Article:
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I Need My Monster



Last updated Sunday, February 26, 2012

Author: Amanda Noll
Illustrator: Howard McWilliam
Date of Publication: 2009
ISBN: 0979974623
Grade Level: Kindergarten    (GLCs: Click here for grade level guidelines.)
Date(s) Used: Oct. 2011

Synopsis: From Booklist:
Noll turns the tables on monster fears by introducing readers to Ethan, a little boy who can’t fall asleep without the ragged breathing and claw-scratching of his favorite monster, Gabe. But Gabe has left a note that he’s gone fishing, so Ethan knocks on his floor to summon a series of substitute ghoulies. Herbert, a horned green thing in a vest, doesn’t even have claws. And Ralph, a four-eyed, six-armed blob, has claws, but they’re painted and manicured. And Cynthia—well, no hard feelings, but a boy wants a boy monster, not a girl. Noll’s slyly humorous text is a suitably wry counterpoint to McWilliam’s dark-hued, exaggerated paintings of the bobble-headed Ethan and his alternately scary and silly beasts. The entire effort strikes a nice balance between creepy and comforting, but especially endearing is Gabe’s early return home as he huddles beneath the bed like a faithful dog and says, “Now, if you don’t mind, I’d like to start the evening with an ominous puddle of drool.” That’s friendship for you.

Discussion topics for before reading:
•  Does anyone have a monster under his or her bed?
•  When you go to sleep at night, is there something that you need so that you can sleep?
•  If so, what is it?

Vocabulary:
•  Ragged-torn or worn; tattered, having loose or hanging shreds.
•  Scrabbling-to scratch or scrape, as with the claws or hands. to grapple or struggle; scrawl; scribble.
•  Inspection-the act of inspecting or viewing, especially carefully or critically; formal or official viewing or examination.
•  Crouched-to stoop or bend low. to bend close to the ground, as an animal preparing to spring or shrinking with fear.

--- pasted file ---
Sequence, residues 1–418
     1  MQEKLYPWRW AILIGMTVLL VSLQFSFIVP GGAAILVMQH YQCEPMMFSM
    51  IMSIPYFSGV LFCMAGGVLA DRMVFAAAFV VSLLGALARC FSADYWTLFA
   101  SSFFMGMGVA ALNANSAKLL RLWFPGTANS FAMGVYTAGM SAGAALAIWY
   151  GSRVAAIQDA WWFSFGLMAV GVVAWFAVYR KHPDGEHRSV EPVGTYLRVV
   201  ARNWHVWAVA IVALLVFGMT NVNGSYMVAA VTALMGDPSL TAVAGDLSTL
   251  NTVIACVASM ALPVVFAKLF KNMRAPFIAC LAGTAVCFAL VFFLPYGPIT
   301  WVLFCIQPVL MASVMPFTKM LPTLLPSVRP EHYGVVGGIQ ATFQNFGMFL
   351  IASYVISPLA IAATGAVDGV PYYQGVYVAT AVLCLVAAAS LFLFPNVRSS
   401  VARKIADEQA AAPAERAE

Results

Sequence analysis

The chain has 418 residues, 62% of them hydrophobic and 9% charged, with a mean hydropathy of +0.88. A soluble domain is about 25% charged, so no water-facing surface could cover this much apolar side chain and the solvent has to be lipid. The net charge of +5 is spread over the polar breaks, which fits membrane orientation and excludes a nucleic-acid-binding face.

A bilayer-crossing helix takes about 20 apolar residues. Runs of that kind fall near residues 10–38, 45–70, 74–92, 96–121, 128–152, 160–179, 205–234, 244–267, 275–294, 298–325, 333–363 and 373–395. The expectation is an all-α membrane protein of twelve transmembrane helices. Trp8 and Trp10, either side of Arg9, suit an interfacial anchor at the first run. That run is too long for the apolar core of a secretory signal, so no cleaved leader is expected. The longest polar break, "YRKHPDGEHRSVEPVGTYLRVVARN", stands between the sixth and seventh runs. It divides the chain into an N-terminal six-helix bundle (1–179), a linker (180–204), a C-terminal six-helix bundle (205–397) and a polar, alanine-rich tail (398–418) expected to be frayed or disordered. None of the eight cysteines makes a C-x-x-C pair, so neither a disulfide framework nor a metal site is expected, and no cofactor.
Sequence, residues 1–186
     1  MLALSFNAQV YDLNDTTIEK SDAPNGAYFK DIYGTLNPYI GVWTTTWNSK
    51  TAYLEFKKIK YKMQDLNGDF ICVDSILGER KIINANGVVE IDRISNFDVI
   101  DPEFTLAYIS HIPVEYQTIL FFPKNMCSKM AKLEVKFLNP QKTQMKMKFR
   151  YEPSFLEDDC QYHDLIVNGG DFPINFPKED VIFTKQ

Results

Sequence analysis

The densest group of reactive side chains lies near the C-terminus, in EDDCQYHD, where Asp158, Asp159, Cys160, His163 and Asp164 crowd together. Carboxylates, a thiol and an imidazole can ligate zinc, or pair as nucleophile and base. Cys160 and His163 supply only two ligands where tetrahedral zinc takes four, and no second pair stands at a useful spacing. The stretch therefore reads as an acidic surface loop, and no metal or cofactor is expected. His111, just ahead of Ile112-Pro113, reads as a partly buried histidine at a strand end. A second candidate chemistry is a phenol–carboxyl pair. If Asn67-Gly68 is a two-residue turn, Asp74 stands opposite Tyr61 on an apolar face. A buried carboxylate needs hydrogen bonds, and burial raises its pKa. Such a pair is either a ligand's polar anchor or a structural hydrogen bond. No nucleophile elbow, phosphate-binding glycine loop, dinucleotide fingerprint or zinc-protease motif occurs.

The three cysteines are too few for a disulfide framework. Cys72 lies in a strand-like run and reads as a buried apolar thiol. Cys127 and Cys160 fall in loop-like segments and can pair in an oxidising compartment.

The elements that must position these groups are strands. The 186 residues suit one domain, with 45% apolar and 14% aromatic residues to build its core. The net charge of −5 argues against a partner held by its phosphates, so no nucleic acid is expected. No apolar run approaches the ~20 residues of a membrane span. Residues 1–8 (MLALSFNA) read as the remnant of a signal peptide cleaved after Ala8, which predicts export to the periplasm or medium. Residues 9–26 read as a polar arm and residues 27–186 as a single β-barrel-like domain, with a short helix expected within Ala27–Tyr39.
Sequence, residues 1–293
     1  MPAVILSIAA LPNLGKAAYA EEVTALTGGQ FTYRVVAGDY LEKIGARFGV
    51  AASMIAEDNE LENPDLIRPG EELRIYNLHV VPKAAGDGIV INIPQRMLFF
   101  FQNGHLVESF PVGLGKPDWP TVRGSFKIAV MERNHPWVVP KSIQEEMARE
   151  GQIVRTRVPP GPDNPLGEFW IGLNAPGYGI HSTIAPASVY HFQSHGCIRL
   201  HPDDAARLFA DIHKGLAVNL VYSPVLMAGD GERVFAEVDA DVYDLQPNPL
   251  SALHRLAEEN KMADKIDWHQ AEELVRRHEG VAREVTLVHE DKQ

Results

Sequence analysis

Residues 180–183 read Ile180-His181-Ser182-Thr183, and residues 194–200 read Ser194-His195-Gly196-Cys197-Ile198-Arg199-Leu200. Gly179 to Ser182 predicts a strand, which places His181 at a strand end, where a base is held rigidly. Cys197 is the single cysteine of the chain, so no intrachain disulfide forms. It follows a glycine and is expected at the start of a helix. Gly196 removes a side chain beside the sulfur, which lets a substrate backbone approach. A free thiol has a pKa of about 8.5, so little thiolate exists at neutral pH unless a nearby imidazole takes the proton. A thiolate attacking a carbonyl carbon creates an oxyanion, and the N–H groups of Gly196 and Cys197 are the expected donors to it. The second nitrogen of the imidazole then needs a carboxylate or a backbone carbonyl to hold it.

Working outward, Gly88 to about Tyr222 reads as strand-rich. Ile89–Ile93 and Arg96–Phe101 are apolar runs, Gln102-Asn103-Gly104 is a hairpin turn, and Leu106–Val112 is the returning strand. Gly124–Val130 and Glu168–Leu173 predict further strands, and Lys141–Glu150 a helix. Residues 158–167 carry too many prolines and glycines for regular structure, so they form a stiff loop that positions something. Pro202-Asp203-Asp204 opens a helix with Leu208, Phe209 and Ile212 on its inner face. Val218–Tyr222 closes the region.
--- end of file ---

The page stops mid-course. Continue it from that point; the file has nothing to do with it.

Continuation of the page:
•  Stumpy-of the nature of or resembling a stump; short and thick; stubby; stocky.

Discussion topics for during/after reading:
•  If you had a monster, what would be his/her name?
•  Where would your monster live?
•  How old would your monster be?
•  How big/little would your monster be?
•  Would your monster be scary or sweet?

Craft ideas:
•  Go To Blog and click on the Monster Parts page to download and print it. (Or simply make body parts of your own!)
•  Use the parts however you wish to make the body parts of your monster(s)... Be original!
•  To make your monster's body, take a blank piece of white paper and place your hand flat in the middle with the fingers all touching each other and the thumb close to the pointer. Trace loosely around it!
•  Now you can glue on as many monster parts to your monster's body as you wish.
•  Give your monster a name. Put your monster under your bed, or hang it on your wall.

*Note: These craft ideas are just suggestions. You can use them, but you don’t have to use them. You can expand upon them, or add your own twist. Remember, though, that the focus of your time should not be on the development and execution of a craft; the focus should be on the read-aloud and the enjoyment of the book!